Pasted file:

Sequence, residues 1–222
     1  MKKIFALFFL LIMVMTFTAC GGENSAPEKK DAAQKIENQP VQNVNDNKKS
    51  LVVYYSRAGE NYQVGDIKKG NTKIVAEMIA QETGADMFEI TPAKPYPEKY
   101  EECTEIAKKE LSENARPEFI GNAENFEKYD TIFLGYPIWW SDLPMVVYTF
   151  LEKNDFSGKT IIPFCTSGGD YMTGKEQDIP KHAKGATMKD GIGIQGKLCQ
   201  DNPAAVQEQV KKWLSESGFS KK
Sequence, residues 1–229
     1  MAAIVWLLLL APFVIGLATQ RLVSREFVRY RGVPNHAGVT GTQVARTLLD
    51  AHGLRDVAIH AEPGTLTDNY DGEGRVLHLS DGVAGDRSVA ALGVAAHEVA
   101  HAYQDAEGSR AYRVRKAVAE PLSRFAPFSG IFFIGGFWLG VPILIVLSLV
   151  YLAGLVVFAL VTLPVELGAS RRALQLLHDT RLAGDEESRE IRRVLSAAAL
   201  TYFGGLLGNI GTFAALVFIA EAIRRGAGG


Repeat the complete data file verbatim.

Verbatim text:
Sequence, residues 1–222
     1  MKKIFALFFL LIMVMTFTAC GGENSAPEKK DAAQKIENQP VQNVNDNKKS
    51  LVVYYSRAGE NYQVGDIKKG NTKIVAEMIA QETGADMFEI TPAKPYPEKY
   101  EECTEIAKKE LSENARPEFI GNAENFEKYD TIFLGYPIWW SDLPMVVYTF
   151  LEKNDFSGKT IIPFCTSGGD YMTGKEQDIP KHAKGATMKD GIGIQGKLCQ
   201  DNPAAVQEQV KKWLSESGFS KK
Sequence, residues 1–229
     1  MAAIVWLLLL APFVIGLATQ RLVSREFVRY RGVPNHAGVT GTQVARTLLD
    51  AHGLRDVAIH AEPGTLTDNY DGEGRVLHLS DGVAGDRSVA ALGVAAHEVA
   101  HAYQDAEGSR AYRVRKAVAE PLSRFAPFSG IFFIGGFWLG VPILIVLSLV
   151  YLAGLVVFAL VTLPVELGAS RRALQLLHDT RLAGDEESRE IRRVLSAAAL
   201  TYFGGLLGNI GTFAALVFIA EAIRRGAGG